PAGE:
An Account of the Matter


By Laura Riding, 1930


            And after science has explained there is always science to explain. Science, of course, only serves; it analyses everything but its own function. As Professor Eddington says: ‘The path of science must be pursued for its own sake, irrespective of the views it may afford of a wider landscape.’

            But if there be in any household a lower servant, the presence of an upper servant is axiomatic. You must know from my heartless tone that I am referring to Philosophy. Science explains and Philosophy explains explanation.

            And yet, however just this account of the matter may be, it seems to me a little hard, and I do not wish to be hard. Of course I wish to be just, and if I can only be just by being hard, then I must be hard. But I think it may be possible to be just and a little pleasant at the same time. At least, I shall make the effort. And whatever the result, I shall have at any rate been just. So there is nothing to lose and perhaps a little agreeableness to gain.

            Let me say as if from the beginning, then, that science explains the present to the past, on which the explanation is naturally lost. Philosophy, likewise, explains explanation to the future, on which explanation is naturally also lost. For the past was the present in its own way, was it not, and, I think, unlikely at this late date to be won over to a broader outlook. And the future, too, will be the present in its own way, will it not, and, I think, unlikely to be won over to any view which treats it as non-existent at the moment of formulation and therefore as neither broadly nor narrowly cognizant of the circumstances, so that they must be presented to it in the vaguest terms possible.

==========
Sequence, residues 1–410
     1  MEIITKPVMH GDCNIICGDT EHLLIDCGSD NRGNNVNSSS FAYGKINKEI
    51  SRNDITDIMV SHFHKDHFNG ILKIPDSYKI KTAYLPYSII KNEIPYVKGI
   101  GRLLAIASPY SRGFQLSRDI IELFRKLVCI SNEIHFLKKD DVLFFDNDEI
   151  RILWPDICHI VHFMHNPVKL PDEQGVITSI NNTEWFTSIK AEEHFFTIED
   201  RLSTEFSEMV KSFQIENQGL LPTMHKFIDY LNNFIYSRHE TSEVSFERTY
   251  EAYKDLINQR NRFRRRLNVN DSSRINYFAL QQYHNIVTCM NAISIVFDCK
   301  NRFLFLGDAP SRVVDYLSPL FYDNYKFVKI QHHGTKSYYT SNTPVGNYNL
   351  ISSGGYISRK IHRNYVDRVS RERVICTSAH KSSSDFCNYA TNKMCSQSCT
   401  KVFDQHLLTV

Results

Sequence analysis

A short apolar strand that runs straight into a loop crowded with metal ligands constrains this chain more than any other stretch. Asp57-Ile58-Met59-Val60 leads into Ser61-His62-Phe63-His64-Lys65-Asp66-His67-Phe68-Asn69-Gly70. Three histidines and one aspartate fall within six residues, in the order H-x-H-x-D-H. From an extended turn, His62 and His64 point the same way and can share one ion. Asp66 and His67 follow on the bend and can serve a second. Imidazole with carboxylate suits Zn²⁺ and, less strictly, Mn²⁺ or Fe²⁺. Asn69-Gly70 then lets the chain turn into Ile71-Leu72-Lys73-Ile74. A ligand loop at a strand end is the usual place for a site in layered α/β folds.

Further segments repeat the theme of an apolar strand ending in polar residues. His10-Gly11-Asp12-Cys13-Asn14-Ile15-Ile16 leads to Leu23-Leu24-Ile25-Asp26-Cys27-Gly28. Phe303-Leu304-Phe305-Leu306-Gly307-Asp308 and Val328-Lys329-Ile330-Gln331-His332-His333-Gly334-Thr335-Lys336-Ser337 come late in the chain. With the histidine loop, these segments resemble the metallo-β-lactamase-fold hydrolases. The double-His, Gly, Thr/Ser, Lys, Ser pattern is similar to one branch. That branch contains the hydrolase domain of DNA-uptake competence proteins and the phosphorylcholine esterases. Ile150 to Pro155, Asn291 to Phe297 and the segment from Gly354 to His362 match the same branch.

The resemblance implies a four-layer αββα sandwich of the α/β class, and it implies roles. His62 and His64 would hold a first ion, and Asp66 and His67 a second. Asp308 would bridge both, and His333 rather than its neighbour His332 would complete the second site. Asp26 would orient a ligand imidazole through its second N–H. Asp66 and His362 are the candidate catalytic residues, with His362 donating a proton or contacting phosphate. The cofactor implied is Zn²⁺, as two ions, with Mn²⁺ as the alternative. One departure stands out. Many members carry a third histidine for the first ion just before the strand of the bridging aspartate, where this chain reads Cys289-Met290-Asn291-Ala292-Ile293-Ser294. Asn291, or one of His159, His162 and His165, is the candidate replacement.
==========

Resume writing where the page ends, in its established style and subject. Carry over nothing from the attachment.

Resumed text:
But my manner here, as you must be beginning again to notice, is beginning again to get a little out of hand, that is, cruel. And while I do not wish to put any restraint upon myself, I do wish to be as pleasant as possible without doing so. And I think that perhaps the whole effect would seem more restrained, without of course actually being so, if I tentatively put my account of the matter on quite a different – we might say more benevolent – plane, by giving to the future, as to a race, the name of Mentaurs.

            The Mentaurs, this account of the matter must now run, have, instead of flesh, understanding, and are therefore without mind, and therefore incapable of understanding even the explanation of explanation. Suppose we say that the Mentaurs are asleep. But, if asleep, they perhaps dream. But, if dreaming, it would seem probably that they dreamed in scientific rather than philosophical terms, the method of dreams being – admittedly absurd in operation – serious rather than ironic.